Papertiger, if you write a couple of paragraphs expanding your take on the pictures you took, I would be glad to publish your piece with the pictures. I'm sure RR readers would appreciate another view. But I would want you to do this over your own name.

Else you can always open your own FaceBook account and post anything you want. And I think there are also various sites like FanFare dedicated to showing just pictures.


George that's a generous offer.

There is one thing I'd like to talk about, regarding the San Joaquin farmers and the ridiculous amounts of water allocated to save the "precious" delta. Makes me want to puke how the state refers to it as an eco-jewel all of a sudden.
Think I'll take up on it.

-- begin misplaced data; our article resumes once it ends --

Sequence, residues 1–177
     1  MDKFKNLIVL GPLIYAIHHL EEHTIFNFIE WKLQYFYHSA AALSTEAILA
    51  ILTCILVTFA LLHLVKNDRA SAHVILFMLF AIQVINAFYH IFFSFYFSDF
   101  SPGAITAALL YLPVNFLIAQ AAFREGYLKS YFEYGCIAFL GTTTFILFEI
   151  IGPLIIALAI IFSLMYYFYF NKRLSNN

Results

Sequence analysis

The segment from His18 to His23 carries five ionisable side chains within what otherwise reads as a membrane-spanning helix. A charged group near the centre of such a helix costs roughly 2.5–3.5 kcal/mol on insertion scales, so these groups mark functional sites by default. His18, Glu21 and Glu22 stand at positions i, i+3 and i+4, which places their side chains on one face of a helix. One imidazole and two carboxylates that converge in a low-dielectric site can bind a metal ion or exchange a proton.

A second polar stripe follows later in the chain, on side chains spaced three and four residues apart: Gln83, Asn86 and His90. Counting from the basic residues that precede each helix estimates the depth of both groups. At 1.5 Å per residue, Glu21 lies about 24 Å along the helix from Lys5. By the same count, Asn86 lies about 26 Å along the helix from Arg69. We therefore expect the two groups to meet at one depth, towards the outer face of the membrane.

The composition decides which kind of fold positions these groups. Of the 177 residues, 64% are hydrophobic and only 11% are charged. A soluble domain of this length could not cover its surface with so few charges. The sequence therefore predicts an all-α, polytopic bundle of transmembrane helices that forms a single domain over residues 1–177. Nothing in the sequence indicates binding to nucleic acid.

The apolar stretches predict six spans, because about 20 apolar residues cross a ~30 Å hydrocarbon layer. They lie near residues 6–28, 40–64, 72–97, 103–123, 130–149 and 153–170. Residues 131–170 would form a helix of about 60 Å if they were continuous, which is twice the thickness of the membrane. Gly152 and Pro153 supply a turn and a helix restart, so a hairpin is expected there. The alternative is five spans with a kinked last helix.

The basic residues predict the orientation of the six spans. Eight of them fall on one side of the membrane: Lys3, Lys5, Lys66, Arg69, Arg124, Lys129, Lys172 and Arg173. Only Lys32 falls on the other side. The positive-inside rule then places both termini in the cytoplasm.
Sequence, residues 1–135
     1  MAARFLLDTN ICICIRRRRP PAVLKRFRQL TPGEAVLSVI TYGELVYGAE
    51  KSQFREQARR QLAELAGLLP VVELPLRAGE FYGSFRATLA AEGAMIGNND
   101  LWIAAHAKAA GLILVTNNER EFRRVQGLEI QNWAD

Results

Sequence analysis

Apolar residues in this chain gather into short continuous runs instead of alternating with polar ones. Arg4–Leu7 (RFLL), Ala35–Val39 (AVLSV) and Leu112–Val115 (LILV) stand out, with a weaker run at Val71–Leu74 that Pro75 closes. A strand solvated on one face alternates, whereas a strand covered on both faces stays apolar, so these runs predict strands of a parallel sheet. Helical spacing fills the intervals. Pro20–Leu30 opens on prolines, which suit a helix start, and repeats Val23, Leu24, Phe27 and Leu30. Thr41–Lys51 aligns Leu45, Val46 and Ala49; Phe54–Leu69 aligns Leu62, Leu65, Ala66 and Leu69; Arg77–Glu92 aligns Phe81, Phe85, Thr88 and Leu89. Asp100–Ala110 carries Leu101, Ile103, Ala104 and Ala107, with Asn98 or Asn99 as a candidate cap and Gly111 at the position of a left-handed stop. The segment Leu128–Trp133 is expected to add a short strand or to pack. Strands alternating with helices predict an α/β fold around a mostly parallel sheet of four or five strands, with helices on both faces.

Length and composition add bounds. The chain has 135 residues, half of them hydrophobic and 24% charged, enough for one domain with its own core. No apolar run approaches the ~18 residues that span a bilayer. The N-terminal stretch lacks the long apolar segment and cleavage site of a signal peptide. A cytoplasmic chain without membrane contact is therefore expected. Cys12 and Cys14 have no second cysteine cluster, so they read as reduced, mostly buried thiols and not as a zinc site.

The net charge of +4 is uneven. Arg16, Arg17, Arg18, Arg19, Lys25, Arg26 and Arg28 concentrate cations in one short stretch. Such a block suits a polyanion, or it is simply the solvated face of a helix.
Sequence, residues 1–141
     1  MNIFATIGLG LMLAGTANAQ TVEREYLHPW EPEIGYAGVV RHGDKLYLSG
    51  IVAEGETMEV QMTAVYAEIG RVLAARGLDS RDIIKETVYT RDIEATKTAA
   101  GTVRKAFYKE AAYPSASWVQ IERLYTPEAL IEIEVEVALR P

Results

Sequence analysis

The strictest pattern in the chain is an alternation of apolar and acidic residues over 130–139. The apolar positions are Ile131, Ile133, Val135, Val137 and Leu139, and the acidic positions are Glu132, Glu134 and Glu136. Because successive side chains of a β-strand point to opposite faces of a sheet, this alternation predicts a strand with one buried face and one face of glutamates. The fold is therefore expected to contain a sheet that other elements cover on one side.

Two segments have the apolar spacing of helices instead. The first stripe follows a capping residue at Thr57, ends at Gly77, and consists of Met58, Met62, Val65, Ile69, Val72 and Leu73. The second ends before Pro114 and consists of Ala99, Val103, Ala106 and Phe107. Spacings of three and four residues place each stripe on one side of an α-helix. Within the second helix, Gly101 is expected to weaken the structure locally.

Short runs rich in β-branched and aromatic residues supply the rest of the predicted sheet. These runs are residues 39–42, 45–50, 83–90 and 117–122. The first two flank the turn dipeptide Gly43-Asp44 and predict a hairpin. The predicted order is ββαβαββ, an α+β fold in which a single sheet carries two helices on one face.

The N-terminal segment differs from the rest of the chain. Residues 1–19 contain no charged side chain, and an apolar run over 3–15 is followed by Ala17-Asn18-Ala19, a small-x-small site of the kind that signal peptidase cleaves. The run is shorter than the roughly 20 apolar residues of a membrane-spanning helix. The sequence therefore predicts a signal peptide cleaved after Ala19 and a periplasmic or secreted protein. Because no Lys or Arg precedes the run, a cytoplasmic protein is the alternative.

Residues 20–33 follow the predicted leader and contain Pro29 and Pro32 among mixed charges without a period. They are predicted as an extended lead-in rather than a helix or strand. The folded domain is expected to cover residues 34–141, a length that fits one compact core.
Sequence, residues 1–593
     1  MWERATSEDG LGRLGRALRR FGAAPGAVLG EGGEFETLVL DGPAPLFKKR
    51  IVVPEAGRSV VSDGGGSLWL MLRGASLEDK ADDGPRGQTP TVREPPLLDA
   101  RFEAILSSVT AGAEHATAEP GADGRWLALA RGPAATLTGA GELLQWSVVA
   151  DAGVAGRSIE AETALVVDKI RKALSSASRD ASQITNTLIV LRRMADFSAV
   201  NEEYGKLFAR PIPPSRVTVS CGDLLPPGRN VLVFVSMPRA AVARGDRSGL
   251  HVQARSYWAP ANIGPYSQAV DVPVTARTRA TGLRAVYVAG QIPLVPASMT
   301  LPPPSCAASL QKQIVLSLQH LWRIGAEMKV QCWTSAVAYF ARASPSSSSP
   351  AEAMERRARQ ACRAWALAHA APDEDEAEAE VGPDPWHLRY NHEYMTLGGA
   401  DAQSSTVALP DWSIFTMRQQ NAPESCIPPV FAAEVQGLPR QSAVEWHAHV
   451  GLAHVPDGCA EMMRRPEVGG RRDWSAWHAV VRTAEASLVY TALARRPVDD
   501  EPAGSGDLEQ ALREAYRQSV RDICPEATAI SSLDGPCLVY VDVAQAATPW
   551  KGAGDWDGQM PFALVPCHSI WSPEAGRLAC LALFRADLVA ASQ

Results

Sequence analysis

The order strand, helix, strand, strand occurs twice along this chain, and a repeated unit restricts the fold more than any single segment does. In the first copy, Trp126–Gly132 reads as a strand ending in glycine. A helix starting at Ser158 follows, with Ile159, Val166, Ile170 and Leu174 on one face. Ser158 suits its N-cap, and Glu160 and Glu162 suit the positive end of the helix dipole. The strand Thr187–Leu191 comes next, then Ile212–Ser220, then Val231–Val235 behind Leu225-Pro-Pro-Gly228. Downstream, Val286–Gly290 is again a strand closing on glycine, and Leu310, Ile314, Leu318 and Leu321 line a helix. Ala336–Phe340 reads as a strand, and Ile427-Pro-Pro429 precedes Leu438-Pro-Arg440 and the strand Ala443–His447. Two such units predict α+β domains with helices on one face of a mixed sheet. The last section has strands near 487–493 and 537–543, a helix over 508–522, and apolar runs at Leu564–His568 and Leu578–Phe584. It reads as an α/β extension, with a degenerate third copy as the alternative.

Courtney McDaniel


So I'm a casual reader of Ruminations and thought I might share my take on an interesting evening:

I attended the Tom McClintock town hall meeting this evening in Granite Bay. It was a sight to behold. There were lots of people with their proverbial pitchforks, ready to impale one another. I agree wholeheartedly with your assessment of apathy on behalf of the "Right" and was "ruminating" on it this evening. I was disturbed by the number of people blaming insurance companies for their problems, and then expecting the government to further regulate (read: punish) those companies, yet at the same time demanding choice in health plans. Is that wanting to eat the cake, too?